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Studying the Proton and Neutron Dance

By Keith Pierce

Co-led by Lawrence Weinstein, Eminent Scholar and professor of physics at Old Dominion University, a study by researchers at the Thomas Jefferson National Accelerator Facility (Jefferson Lab) is featured in the current edition of the scientific journal Nature.

The article, "Probing the core of the strong nuclear interaction," is a study of the strong nuclear force - one of the four fundamental forces in nature, along with gravity, electromagnetism and the weak force. The strong nuclear force is responsible for binding together the protons and neutrons that form the nucleus of atoms, and therefore the core of every atom that builds our visible universe.

"I want to find out how protons and neutrons behave in the nucleus of the atom," Weinstein said. "In some ways, they behave like people; when they are far apart, they ignore each other, when they are close, they can attract, and when they get too close, they repel each violently."

As pairs of protons and neutrons get very close together, they may make a short-range correlation, forming a brief partnership. While in this correlation, they overlap momentarily before the particles separate.

"We studied protons and neutrons that 'got too close' to find out what really happens in these extreme conditions, which are similar in some ways to those of a neutron star," Weinstein explained. "We found out, surprisingly, that protons still behave like protons, even when they overlap with other protons or neutrons. In contrast, cars stop behaving well when they get too close to other cars and 'overlap' them."

Particularly close interactions between protons and neutrons are rare. Detecting them requires pummeling atoms with a huge number of extremely high-energy electrons, a fraction of which might have a chance of kicking out a pair of nucleons (protons or neutrons) moving at high momentum - an indication that the particles must be interacting at extremely short distances.

"Until this work, the forces between protons and neutrons at very, very short distances comparable to the size of the proton and neutron itself were very model dependent," explained Axel Schmidt, a former MIT postdoctoral researcher and the paper's lead author, who has since moved to George Washington University. "We've come up with a new way to analyze data from Jefferson Lab to look at these forces at distances that are much, much shorter."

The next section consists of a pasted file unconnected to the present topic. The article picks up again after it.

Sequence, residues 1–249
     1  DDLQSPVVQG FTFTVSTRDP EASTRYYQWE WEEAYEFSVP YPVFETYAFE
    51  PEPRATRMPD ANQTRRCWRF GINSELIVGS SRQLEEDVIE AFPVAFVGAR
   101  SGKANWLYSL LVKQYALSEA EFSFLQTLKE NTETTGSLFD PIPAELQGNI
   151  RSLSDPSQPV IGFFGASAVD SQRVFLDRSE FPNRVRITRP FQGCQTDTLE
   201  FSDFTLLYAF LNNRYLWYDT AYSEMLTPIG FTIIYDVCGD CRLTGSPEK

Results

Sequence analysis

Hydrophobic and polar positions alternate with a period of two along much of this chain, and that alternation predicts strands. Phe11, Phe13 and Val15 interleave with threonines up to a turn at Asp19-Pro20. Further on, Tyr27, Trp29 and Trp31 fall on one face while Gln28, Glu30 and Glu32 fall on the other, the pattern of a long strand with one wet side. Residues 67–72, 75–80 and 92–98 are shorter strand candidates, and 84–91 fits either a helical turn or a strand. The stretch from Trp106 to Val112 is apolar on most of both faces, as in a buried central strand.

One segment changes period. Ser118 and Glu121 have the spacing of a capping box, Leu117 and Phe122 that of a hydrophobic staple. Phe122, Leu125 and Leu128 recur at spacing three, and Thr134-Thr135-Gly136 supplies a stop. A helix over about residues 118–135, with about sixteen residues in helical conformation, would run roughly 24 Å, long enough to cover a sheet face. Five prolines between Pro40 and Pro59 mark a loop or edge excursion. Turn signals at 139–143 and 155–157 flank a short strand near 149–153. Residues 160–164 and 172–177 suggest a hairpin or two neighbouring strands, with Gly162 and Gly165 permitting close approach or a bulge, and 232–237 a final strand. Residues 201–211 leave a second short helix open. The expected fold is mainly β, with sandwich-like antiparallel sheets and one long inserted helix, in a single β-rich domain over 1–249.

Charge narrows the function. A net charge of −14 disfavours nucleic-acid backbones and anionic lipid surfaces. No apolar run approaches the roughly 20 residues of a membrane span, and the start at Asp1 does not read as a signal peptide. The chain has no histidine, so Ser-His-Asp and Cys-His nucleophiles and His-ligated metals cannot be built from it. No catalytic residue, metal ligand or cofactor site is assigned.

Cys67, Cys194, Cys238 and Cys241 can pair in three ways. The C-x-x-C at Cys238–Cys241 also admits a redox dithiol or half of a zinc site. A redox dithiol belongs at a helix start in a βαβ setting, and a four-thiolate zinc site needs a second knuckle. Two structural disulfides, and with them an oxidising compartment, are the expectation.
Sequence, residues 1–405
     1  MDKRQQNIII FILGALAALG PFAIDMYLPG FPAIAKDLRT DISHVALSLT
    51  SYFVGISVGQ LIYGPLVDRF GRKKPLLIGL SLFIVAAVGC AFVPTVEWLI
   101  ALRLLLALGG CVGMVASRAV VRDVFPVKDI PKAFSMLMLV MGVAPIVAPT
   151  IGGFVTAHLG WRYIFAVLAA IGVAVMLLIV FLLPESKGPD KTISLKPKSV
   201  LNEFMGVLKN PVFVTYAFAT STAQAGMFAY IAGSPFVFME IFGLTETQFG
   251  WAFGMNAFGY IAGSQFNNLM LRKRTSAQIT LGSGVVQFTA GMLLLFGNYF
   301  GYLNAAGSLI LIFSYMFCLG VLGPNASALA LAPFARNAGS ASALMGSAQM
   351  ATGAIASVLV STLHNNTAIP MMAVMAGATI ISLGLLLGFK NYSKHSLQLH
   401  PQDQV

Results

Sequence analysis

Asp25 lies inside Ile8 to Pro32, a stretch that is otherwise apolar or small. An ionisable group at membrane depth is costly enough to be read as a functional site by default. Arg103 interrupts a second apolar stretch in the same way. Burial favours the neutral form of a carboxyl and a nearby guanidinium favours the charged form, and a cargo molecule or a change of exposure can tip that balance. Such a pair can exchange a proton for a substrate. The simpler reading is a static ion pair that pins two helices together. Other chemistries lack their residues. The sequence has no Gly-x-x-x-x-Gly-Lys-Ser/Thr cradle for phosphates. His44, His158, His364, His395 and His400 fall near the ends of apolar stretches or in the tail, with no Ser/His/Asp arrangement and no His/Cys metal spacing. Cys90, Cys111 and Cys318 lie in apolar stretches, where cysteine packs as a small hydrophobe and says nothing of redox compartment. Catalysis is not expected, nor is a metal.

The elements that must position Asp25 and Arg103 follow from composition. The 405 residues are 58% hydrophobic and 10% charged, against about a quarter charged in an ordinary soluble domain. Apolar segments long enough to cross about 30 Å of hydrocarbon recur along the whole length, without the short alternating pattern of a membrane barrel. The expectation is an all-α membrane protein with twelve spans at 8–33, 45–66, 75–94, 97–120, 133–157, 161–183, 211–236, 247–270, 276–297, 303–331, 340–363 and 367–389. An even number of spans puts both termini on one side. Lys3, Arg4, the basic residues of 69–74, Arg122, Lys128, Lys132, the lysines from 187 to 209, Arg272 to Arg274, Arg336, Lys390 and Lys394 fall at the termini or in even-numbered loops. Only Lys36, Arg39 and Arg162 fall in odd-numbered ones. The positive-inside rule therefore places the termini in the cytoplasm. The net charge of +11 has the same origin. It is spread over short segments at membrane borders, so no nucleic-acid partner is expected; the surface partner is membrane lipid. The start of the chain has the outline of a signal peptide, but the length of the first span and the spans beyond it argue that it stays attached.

In their analysis, the researchers captured snapshots of these correlations to study as microcosms of dense nuclear matter. They then tested different state-of-the-art models for the strong nuclear force to see how well the models explain the data.

They found that the most successful models describe the strong nuclear force at short distances as having a so-called tensor interaction, where protons interact with other protons very differently than they interact with neutrons. Then, as the distance between the correlated particles shrinks even further, the nuclear force interaction changes to a so-called scalar interaction, where proton-proton and proton-neutron interactions are very similar.

The result also has implications for the structure of neutron stars, where it's expected that protons and neutrons overlap much as they do as in the short-range correlations studied in the experiment.

"That's a huge triumph for modern nuclear physics because nobody expected this model to have any connection to reality at this distance scale," said Or Hen, an assistant professor of physics at MIT and spokesperson for the collaboration, in a press release.

According to the researchers, the next step is to see if these results hold up when they can run the experiment again on a wide range of nuclei and at higher precision with the newly upgraded CEBAF accelerator and experimental equipment in Jefferson Lab's Experimental Hall B. The experiment has been approved for running and is awaiting scheduling.

The analysis was carried out as part of the Jefferson Lab Hall B Data-Mining project, supported by theU.S. Department of Energy's Office of Science. The research was also supported by the National Science Foundation, the Israel Science Foundation, the Pazy Foundation, the Chilean Comisión Nacional de Investigación Científica y Tecnológica, the French Centre National de la Recherche Scientifique and Commissariat a l'Energie Atomique, the French-American Cultural Exchange, the Italian Istituto Nazionale di Fisica Nucleare, the National Research Foundation of Korea, and the UK's Science and Technology Facilities Council.

Other ODU researchers include Florian Hauenstein, postdoctoral research associate; Moskov Amaryan, professor of physics; Mohammad Hattawy, research assistant professor; Mariana Khachatryan, physics graduate student; Yelena Prok, visiting assistant professor of physics; and Zhiwen Zhao, former ODU postdoctoral research associate now at Duke University.

See the Nature article here.

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